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Yes. That's the H910 'character' you're hearing. It was an amazing piece of hardware for its time (mid-70's). Analog delay chips were noise buckets back then, and one solution was to lower the bandwidth. Longer delay times meant that the "low pass filtering" cutoff frequency was reduced. Usually, you'd get a range of delay times; each with its own bandwidth. I believe that the H910 was a 16-bit/ 15kHz machine overall.
thanks to get into the post mate 🙂
well this is what i was thinking too… before try a real h910… it doesn't sound so lo fi, that why i'm here asking this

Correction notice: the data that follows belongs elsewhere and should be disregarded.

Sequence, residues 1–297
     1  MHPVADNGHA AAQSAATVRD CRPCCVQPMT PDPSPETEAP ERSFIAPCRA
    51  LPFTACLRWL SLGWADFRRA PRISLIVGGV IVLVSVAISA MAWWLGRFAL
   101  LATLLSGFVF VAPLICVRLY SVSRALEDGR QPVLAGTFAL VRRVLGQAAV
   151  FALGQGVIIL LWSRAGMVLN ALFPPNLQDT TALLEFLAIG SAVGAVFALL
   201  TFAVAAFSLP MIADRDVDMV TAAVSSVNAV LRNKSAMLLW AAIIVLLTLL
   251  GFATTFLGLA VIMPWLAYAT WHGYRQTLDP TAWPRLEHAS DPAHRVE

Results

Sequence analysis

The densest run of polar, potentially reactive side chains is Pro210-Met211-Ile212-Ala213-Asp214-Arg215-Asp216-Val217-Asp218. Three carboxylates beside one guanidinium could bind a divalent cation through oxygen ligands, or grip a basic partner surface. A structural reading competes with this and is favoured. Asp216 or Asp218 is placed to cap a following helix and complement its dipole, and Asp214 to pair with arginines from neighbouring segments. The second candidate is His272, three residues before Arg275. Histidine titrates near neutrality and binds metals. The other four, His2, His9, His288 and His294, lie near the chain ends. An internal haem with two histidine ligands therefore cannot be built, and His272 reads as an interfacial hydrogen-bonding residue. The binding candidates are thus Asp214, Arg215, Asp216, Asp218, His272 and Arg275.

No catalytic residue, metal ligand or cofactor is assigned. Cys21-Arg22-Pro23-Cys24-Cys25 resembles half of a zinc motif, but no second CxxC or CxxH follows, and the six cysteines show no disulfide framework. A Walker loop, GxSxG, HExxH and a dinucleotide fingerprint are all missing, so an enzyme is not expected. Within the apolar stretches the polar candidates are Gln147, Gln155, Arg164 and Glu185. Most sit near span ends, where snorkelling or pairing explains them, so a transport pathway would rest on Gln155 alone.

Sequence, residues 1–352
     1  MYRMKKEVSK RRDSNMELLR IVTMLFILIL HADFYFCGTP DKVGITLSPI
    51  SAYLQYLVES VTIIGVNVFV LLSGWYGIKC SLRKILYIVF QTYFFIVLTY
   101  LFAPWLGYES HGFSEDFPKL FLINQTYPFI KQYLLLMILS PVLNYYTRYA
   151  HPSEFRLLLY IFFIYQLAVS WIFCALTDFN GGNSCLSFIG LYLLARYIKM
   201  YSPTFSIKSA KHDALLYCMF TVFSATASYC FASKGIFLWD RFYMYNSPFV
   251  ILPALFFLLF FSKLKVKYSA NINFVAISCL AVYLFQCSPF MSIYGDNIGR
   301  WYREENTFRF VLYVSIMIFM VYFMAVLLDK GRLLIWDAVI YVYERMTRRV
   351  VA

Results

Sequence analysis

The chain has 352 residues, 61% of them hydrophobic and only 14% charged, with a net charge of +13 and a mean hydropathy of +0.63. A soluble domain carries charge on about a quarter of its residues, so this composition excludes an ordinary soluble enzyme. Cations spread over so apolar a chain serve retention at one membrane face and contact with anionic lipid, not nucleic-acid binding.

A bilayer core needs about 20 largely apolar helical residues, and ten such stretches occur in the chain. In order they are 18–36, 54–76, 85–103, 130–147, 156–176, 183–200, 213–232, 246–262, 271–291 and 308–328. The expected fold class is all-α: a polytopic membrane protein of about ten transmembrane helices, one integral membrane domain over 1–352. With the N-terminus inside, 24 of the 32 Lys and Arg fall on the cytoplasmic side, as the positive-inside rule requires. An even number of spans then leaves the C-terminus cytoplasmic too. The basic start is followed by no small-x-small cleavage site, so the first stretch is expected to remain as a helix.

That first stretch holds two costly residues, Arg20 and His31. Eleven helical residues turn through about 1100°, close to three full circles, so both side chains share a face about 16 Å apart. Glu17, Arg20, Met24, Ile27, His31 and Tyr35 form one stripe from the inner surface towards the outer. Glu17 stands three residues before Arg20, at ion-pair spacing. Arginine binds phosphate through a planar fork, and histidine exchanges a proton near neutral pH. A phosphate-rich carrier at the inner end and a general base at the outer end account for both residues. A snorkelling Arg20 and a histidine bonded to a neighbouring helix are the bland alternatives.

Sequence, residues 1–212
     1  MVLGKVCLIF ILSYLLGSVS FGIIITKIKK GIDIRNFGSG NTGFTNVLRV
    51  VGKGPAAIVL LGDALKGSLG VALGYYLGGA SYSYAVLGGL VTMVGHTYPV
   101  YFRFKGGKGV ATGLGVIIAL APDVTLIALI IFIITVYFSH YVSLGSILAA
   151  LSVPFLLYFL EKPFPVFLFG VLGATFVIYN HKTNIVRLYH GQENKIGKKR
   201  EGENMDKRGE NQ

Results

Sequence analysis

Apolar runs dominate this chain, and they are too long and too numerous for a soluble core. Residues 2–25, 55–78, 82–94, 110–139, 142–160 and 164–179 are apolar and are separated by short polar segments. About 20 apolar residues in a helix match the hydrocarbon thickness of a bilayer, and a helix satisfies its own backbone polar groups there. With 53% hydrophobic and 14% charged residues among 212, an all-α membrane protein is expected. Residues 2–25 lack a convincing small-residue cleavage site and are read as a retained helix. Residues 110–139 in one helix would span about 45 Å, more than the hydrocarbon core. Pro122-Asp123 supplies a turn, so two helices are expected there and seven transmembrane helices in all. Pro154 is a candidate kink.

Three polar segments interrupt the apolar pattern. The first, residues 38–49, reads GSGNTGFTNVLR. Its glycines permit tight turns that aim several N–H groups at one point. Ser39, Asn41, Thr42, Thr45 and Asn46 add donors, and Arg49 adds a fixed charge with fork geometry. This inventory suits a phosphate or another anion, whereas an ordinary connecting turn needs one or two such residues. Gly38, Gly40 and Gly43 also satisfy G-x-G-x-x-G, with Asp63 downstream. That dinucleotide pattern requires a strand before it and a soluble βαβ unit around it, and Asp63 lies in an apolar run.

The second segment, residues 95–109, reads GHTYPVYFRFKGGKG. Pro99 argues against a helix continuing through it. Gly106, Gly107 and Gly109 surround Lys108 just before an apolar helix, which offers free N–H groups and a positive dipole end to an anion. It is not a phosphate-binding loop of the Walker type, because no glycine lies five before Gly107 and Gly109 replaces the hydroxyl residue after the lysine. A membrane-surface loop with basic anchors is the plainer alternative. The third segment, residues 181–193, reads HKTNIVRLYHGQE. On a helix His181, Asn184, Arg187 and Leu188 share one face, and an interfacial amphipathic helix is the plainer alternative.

Part of the lo-fi charm of the H910 and H949 algorithms is the varying degree of glitching, deglitching, and warblyness found in each variation, In your experiment – if you move the Depth / Key knob to MODERN at 1.000 – you'll hear clean, subtle unison doubling. That sounds like what you're looking for.
no i try and the MODERN setting is just for deglitching… no impact on the tone… u can make my test (as before 0 delay, 0 feedback, 1.00 pitch, 100wet) and try to switch the different algorithm… nothing change (u can notice the different settings just as u say below on long delay feedback, where u can hear glitch from 910 to 949 (without and with the deglitching board) to Modern no glitch